4 Lessons of Financial Health for the Pastor

I’ve had the privilege of founding two non-profit organizations, one for-profit company, and spent time as an employee of several multi-million dollar organizations. I also run the finances for my family. As I ebbed and flowed through these different financial environments I began to recognize patterns about how money grows and is invested, or on the flip side, how it quickly becomes wasted via expenses. While each of these environments may have shared the common goal of year-end profitability, the mindset, perspective, and specific objectives varied greatly.

Here are four key gleanings about financial health that apply specifically to the local church and Senior Pastors in particular.

1. Senior Pastors need the PRIORITY that is often modeled by the President of a Non-Profit Organization

The NPO leader has two very clear objectives every day, keep the vision clear and develop resources. No one can develop large amounts of resources for an NPO like the senior leader. The truth is that most employees would never have it cross their minds to help with this effort. They are too busy executing their department tasks. Whenever I find a Senior Pastor that is both the lead giver and the lead developer of gifts I find a church that is experiencing financial break thru.

2. Senior Pastors Need the FOCUS of a For-Profit Company Founder

The founder and owner of a for-profit company wakes up each week with two objectives in mind, keep the vision laser focused and produce more revenue than expenses. As the owner of a company you measure success by happy clients and positive cash flow. Every single expense is seen as either an investment that the owner is willing to take, perhaps even in exchange for a temporary pay reduction, or it is seen as wasted money. I know the success of the church is not measured by dollars, but discipleship. However, I also know it is sin to mismanage God’s resources. Being a wise steward, which is the call of God, involves both discipling generosity and being tenaciously obedient with the resources. Senior leaders do you know the eternal value of each dollar your organization raises and expends? Whenever I see a church with this kind of laser focused perspective, I find a church that is experiencing financial break thru.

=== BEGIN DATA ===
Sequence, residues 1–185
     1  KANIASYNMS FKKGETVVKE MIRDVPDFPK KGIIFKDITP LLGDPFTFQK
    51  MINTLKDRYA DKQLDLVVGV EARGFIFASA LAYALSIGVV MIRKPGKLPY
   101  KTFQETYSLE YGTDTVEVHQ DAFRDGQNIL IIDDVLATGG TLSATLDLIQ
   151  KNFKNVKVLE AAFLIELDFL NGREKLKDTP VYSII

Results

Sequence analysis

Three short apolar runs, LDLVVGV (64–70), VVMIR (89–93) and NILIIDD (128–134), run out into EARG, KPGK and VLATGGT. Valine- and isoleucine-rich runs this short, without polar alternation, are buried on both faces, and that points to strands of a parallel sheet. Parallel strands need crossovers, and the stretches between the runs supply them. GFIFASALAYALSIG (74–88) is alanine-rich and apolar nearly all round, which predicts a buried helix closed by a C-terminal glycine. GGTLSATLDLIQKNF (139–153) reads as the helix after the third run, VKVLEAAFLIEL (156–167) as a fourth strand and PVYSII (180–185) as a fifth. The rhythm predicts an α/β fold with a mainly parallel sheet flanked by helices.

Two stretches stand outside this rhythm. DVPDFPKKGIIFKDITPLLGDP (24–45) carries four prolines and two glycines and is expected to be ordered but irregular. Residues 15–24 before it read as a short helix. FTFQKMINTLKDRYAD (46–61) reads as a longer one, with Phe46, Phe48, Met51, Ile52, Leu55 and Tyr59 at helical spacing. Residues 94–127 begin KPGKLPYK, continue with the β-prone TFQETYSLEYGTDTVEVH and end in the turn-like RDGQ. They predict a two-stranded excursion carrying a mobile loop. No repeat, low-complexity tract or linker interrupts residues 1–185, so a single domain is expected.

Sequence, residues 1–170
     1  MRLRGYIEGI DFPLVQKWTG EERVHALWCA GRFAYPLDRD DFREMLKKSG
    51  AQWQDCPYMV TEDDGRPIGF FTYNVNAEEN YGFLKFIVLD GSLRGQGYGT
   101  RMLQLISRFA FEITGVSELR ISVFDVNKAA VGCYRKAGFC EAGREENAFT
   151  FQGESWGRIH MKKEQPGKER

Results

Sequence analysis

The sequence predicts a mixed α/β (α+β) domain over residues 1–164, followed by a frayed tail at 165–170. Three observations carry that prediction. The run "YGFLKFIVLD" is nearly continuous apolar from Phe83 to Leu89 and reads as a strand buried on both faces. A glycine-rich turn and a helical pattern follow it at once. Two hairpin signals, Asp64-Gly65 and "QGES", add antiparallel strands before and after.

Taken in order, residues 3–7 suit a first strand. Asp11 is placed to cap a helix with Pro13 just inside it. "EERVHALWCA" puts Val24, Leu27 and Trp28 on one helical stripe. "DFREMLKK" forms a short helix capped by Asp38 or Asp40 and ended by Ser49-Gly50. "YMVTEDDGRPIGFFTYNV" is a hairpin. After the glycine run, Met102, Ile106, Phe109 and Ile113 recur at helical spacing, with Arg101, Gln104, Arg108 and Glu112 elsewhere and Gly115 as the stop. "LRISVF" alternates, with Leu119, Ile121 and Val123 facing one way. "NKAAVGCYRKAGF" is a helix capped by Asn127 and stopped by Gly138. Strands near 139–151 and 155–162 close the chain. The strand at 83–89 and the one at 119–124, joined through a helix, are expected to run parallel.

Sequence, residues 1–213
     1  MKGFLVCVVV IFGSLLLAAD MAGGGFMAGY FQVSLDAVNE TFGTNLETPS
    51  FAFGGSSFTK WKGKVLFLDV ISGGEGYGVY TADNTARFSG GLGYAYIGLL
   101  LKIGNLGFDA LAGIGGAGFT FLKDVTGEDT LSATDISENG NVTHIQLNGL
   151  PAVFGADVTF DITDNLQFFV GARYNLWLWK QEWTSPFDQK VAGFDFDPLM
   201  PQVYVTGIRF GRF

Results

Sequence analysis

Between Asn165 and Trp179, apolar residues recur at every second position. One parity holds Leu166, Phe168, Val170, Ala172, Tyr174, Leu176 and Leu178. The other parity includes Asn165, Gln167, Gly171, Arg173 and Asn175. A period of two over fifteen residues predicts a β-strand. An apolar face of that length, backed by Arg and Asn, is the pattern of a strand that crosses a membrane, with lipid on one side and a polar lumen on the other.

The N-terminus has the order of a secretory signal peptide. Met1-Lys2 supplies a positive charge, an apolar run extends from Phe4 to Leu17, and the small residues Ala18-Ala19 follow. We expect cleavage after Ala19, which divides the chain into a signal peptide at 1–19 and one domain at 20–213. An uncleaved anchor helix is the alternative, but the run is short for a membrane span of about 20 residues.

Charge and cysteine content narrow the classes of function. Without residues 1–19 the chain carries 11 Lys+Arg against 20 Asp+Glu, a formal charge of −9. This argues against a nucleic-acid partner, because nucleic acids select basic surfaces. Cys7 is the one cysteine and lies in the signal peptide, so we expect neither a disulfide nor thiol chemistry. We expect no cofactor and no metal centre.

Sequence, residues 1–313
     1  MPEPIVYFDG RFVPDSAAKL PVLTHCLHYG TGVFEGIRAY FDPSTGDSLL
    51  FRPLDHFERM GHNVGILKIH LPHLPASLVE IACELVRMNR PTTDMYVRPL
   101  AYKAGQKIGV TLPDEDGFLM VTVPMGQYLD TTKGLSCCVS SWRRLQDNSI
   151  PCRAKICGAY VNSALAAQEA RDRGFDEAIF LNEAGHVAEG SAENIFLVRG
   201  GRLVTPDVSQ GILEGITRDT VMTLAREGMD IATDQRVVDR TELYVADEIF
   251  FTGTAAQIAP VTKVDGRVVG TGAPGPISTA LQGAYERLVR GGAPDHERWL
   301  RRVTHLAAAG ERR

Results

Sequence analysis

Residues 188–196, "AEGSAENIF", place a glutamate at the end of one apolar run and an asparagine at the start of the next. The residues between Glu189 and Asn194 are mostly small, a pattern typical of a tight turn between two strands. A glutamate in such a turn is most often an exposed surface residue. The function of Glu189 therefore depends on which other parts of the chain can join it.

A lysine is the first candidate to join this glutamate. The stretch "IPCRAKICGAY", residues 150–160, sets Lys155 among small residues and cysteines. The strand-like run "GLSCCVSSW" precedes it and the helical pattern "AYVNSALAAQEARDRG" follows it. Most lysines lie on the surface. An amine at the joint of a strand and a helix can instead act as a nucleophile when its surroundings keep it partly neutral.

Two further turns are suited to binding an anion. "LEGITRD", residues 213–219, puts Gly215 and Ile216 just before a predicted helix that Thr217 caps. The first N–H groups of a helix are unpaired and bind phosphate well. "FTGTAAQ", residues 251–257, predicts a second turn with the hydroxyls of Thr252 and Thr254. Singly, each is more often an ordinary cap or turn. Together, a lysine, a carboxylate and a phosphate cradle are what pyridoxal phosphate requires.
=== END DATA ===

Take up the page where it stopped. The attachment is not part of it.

3. Senior Pastors need the PASSION that comes from being the provider in the home

This is where the message can get serious. Most men wake up driven to succeed financially, provide well for their families, and enjoy the fruit of their labors. Great men care greatly for the provision and protection of their families. As a matter of fact it is intuitively engrained in the DNA of men. Unfortunately, it is common for me to find Senior Pastors who feel this way about their church, but do not connect the dots with the personal involvement in the financial management and leadership of the church. Many pastors have a general knowledge of financial matters, but not a passion for the financial success of the organization they lead. We would never allow our families to live in financial weakness without working towards a concrete solution. Example, most families would not raise their annual family budget 5-10% and ask their family to have vision and pray for growth. Yet, the average church practices this kind of principle every year.

4. Senior Pastors need the generosity CONFIDENCE that comes from Scripture

God’s Word is very practical, specific, inspiring, and replete with financial wisdom. I find that break thru financial churches are led by a senior pastor that has a high view and breadth of knowledge regarding the Bible’s principles of stewardship and generosity. Even if they lack the highest level of accounting and financial business practices, knowing and trusting Scripture allows them to experience overflow. This is why I put together a simple guide to help pastors gain confidence, a practical tool to lead their staff, and pathway to develop the spiritual discipline of generosity in the disciples you lead. Leading a generous church is totally possible and it has nothing to do with church size, location, income earning, or style. It has everything to do with priority, focus, passion, and confidence.